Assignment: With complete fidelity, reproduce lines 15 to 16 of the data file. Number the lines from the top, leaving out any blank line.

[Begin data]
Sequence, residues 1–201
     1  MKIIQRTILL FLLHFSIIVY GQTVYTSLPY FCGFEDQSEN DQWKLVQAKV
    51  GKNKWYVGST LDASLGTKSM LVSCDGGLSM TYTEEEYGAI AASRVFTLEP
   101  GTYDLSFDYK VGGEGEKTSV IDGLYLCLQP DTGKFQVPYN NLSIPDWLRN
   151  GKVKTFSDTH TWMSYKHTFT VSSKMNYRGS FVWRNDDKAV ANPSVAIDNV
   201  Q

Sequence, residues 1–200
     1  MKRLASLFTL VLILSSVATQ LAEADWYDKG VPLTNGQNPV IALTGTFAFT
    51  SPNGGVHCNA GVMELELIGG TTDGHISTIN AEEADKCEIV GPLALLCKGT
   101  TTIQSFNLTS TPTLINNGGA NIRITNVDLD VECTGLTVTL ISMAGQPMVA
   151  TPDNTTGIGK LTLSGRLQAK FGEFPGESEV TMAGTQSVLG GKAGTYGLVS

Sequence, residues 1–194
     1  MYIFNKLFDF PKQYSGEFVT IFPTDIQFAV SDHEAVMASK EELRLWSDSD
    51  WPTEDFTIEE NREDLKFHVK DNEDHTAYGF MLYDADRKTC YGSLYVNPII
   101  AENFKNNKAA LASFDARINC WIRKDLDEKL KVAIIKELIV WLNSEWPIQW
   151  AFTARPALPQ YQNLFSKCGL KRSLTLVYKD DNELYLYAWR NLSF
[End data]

   101  AENFKNNKAA LASFDARINC WIRKDLDEKL KVAIIKELIV WLNSEWPIQW
   151  AFTARPALPQ YQNLFSKCGL KRSLTLVYKD DNELYLYAWR NLSF